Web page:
Wednesday, August 5, 2009

Internship and Peru

Time had passed so quickly during the course of the semester that it still felt like January after we had returned from the Galápagos, and now that I am back in Madison, the presence of June seems baffling. Even more weird is typing in my blog while sitting in my parents’ living room chair, instead of in my orange-quilted Quito bed. I have 1.5 months of South American experiences to write about, but I will try to condense it as much as possible so that I can spend more time with my dog Clancy, Honey Bunches of Oats, and Lost.
On April 16th, seven of us left Quito for the coast, where we would perform our month-long internships at the Lalo Loor dry forest reserve. Transportation to the bus station proved difficult yet again, as the taxi driver decided to circumnavigate the city on the way to the station (apparently going through the city would not have been a wise idea since it was rush hour…but it probably would have been faster than my taxi driver’s 50-minute route). I arrived at the bus station exactly one minute before the bus’s scheduled departure time, and during the last part of the taxi ride I struggled to control both my bladder and my urge to shout at the driver to drive faster. Fortunately, everyone made it to the station on time and we had a pleasant seven-hour ride to the reserve. After dinner and a short tarantula hike, we were eager to hop into our mosquito-netted beds at 9pm.
For our internship, TJ, Rita, and I were assigned to obtain a census of the howler monkey populations in the reserve. With no primatologist on site, we often felt lost and helpless, and it wasn’t until the last week and a half until we felt like we were actually collecting useful data. Initially, much of our time was spent hiking through the trails to count and identify any monkeys we saw, reading the mountain of scientific papers given to us by Joe and a primatologist grad student, and swearing at the monkeys for not being more visible (they seemed to prefer the highest branches of the highest trees). When we could see them they would usually mill around in circles through the canopy, making it almost impossible to get accurate counts of group sizes. Howlers were particularly frustrating to count because within large groups, they would often branch off to form subgroups, so obtaining accurate group size estimates seemed impossible. We often became so frustrated that we considered changing our project topic to “spider web abundance” since we walked into hundreds of them daily. My eyes quickly became accustomed to carefully watching for both monkeys and spider webs, but even with the added caution I could still run my hands through my hair at the end of the day and feel a substantial amount of silky web material. Whoever was the leader of the hike would normally carry a “spider stick” to remove or displace webs that stretched across the trails, but if I was walking behind Rita my head would still be in danger of getting caught in the webs. Walking behind TJ, however, was the best position since he is a head taller than me and would receive the brunt of the webs.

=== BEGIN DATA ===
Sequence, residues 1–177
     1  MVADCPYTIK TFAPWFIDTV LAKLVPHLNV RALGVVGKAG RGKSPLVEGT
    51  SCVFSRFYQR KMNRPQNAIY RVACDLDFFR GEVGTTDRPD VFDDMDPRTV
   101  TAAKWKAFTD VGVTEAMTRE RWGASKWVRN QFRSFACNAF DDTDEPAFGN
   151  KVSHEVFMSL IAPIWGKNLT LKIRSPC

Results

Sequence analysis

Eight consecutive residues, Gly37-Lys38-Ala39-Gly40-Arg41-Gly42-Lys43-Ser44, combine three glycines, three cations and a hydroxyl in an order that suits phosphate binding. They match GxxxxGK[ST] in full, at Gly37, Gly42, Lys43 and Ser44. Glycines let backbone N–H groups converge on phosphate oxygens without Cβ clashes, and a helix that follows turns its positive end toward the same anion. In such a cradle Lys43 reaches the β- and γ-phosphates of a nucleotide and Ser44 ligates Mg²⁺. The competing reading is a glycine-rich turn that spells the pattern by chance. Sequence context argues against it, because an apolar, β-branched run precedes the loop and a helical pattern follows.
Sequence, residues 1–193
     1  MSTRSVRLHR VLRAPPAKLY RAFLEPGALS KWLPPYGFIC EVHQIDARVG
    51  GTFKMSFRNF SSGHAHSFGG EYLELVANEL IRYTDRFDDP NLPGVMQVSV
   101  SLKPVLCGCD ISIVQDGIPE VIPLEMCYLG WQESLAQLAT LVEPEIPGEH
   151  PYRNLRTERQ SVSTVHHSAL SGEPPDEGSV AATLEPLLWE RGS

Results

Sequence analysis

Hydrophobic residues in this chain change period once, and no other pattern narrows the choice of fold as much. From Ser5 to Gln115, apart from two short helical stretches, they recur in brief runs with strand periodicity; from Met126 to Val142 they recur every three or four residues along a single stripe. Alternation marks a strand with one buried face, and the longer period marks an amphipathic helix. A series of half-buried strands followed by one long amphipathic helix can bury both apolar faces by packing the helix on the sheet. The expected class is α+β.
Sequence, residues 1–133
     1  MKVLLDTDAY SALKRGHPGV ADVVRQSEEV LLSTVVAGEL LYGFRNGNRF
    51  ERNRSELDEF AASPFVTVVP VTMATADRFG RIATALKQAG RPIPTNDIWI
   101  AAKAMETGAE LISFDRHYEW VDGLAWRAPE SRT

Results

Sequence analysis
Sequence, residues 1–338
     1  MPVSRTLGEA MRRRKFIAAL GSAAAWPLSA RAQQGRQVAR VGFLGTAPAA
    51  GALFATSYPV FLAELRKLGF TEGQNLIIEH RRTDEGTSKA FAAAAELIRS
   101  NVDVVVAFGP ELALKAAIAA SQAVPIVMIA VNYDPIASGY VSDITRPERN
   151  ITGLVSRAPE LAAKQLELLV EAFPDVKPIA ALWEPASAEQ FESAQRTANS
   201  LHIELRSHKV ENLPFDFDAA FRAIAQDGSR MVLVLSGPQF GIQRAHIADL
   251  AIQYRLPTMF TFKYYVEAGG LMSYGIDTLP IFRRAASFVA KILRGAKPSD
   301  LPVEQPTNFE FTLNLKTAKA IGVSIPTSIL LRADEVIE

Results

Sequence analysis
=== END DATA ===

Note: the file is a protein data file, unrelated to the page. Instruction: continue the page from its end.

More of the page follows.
After about two weeks with our sketchy methodology, Joe and Cath visited us at the reserve and we were able to use a GPS in the field. We decided to get accurate GPS points of the trail system and to determine the home ranges and feeding tree locations of various monkey troops, and to create a map with all this information for the reserve’s Ecocenter. We also decided it would be more feasible to determine a density estimate of the monkey populations, and then to extrapolate to determine the overall population size. To do this, the three of us each walked a separate trail (the reserve contains three main trails) three times per day (so that we had each walked each trail every day), and we counted the total number of groups and individuals that we saw on each trail. We divided these numbers by the total area sampled (with help from the GPS) to obtain a density measurement, and then we were able to estimate the total number of groups and monkeys in the reserve…which I think was around 160. We also determined the age- and sex-ratios for a couple of the largest groups.
Despite the small setbacks and the huge spider webs, living in the forest for a month was one of the best experiences of my life. Especially during the last week or so, when we were in the field for up to eight or nine hours a day, we were able to see a plethora (Wordmaster word!) of monkeys, insects, toucans, parakeets, coatis, snakes (TJ found a dead, headless coral snake one day and wrapped it around the showerhead; when I took a shower that evening I was frozen in place for a good minute before mustering up the courage to poke it), and even an ocelot. And the banana pancakes that our chef Bigote made were delicious.